Throughout their history, the Dow and S&P 500 have been used interchangeably to describe the overall stock market. For a long time, the Dow was the market to nearly all investors. It is easier to analyze 30 as opposed to 500 stocks. But these days, the S&P 500 is more quoted, largely because the financial services industry has endorsed it.
What can and can't Dow Jones track?
The Dow Jones Industrial Average highlights the good and bad of today's markets. On the other hand, you cannot track some large stock giants that don't pay a dividend. Facebook, Inc. (NASDAQ: FB), Alphabet, Inc. (NASDAQ: GOOGL) and Amazon.com, Inc. (NASDAQ: AMZN), along with a few other NASDAQ giants, skyrocketed during the past decade. But they are not in the Dow. Moreover, they are practically an asset class by themselves. As for everyone else, the Dow should do the job.
The latest earnings report of 3M (NYSE: MMM) was disappointing to say the least. Its organic sales declined 13.1% in the second quarter. 3M's disappointing sales performance is a consequence of it being exposed to badly hit markets. Safety and industrial were hit by the slowdown in the automotive and aerospace markets. Transportation and electronic boarded that same train. Even healthcare dropped as COVID-19 pandemic has caused delays in elective procedures and closed dental offices all over the world.
Weakened consumer purchasing power
Severely weakened consumer purchasing power has been shown by American Express Company (NYSE: AXP) earnings that plunged as consumers were forced to stay home. On the other hand, Visa, Inc. (NYSE: V) recently provided an earnings beat despite the still ‘frozen' travel category, showing a glimpse of economic recovery thanks to e-commerce.
Speaking of travel, Boeing Co. (NYSE: BA) earnings were as bad as it gets. The company reported a loss of $4.79 a share on $11.8 billion in sales for the second quarter whereas analysts expected a loss of $2.57 a share on $13 billion in sales.
Oil and gas fighting for survival
Even the oil giants are existentially threatened. There is hardly an oil company with a strong balance sheet like Chevron Corporation (NYSE: CVX) yet the pandemic crushed its profits. Together with its oil peer Exxon Mobil Corporation (NYSE: XOM), these are the only two oil giants that have the status of Dividend Aristocrats. But, maintaining that dividend comes at great cost as the second quarter was disastrous for both. Exxon raised a major new debt as it increased its long-term debt from $26.3 billion at December 31, 2019 by $20.2 billion until June 30, 2020. The cash position at June 30, 2020 was $12.6 billion which means that even with the debt, Exxon does not have sufficient cash to cover 12 months of dividend payout.
Caterpillar Inc. (NYSE: CAT) saw its bottom line melt 64% compared to its prior year. Although its second-quarter revenues of $10 billion topped estimates of $9.2 billion, the top line dropped 31% due to lower sales volume. The pandemic diminished demand and consequently, dealer inventories were impacted negatively.
Failing to keep up with Big Tech
On Wednesday, Cisco Systems, Inc. (NYSE: CSCO) just reported its fourth consecutive revenue decline in its quarterly guidance. The 9% revenue decline resulted in its shares falling approximately 6% during extended trading. While much of the technology sector is seeing growth as the economy is getting an online shape and companies are turning to software to run their businesses, Cisco is struggling to keep up. The problem is that its core business has been centered around expensive hardware. Hardware has been pushed aside by cloud giants. The company's investments in software wasn't enough to come near Amazon, Microsoft and Google. But at least it topped estimates with 80 cents of adjusted earnings per share vs. 74 cents per share expected by Refinitiv. Revenue was $12.15 billion as opposed to the $12.08 billion expected.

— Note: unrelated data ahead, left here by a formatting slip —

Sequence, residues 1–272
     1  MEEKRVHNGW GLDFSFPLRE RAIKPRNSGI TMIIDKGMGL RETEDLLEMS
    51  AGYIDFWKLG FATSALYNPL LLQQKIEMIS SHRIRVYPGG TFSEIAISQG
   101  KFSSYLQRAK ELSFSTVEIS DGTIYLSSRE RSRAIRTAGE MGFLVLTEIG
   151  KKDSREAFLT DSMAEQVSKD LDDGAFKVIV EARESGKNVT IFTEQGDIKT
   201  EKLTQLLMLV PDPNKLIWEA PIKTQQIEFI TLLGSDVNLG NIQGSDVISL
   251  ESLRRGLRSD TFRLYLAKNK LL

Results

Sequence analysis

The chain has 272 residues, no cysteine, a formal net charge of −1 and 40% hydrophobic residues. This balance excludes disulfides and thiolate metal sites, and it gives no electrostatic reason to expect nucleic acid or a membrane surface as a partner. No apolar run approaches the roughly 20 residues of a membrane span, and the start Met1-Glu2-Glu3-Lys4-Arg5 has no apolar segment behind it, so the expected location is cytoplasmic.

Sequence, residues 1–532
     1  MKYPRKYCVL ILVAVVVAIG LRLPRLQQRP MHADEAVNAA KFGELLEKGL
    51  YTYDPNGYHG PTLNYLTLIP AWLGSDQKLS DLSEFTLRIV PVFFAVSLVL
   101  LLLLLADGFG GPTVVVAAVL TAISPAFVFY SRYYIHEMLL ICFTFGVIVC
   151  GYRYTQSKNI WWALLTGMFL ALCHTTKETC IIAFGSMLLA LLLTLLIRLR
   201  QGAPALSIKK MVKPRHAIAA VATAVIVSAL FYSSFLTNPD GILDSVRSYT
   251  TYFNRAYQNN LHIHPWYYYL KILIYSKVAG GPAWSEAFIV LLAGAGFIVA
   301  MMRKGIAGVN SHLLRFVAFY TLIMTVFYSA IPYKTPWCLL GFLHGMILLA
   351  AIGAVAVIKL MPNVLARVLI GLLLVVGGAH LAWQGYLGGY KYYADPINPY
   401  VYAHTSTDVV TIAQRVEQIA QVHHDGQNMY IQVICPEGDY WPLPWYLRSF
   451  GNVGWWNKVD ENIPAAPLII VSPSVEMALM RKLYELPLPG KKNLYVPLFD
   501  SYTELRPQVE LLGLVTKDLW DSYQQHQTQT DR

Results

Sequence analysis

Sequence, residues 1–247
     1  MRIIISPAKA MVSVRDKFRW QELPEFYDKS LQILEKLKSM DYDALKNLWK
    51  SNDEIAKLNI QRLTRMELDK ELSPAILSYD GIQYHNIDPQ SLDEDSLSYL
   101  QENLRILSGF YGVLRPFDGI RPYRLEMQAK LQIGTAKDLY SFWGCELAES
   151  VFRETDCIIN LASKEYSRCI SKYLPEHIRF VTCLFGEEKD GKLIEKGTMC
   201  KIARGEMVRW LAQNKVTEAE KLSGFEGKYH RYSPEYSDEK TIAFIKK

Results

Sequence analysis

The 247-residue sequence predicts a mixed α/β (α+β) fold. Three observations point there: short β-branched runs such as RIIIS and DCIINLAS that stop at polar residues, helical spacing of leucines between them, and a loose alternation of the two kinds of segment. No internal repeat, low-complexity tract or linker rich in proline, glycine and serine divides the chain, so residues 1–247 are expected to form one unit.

Intel Corporation (NASDAQ: INTC) fall could get even worse. Its shares plunged following its second quarter results that saw revenue come in 6.3% better than estimates at $19.7 billion. Earnings also came in ahead of forecasts by 10.7% at $1.23. It's the earnings guidance for the third quarter that is causing concern. Since the report, analysts have been lowering their estimates, fearing that its shaky stock could led to big losses.
The House of Mouse came close to burning in flames
The iconic business model of Walt Disney Corporation (NYSE: DIS) that many failed to copy is what made the legendary House of Mouse perfectly exposed to the pandemic. COVID-19 has shuttered Disney to pieces during the first two quarters. And if there wasn't for its streaming star that now exceeded 60 million subscribers, it would have been in ashes by now. The net adverse impact of the pandemic on its current quarter operating profit across all business has been about $2.9 billion. Moreover, during the second quarter, pandemic-induced theme park closures melted its operating profit by 58%.
Altered consumer behavior
Walgreen Boots Alliance (NASDAQ: WBA) profit has declined over the last three years, even though its revenue has increased. But in July, the company announced a $1.0 billion investment into VillageMD. This investment also includes opening 500 to 700 physician-staffed clinics inside their locations across 30 markets over the next five years. This big news was announced just a few days before third quarter earnings that showed substantial negative operating income due to the pandemic. Although it was expected that COVID-19 has temporarily altered consumer behavior, Walgreen's report showed that some of these changes could be in for the long-haul.
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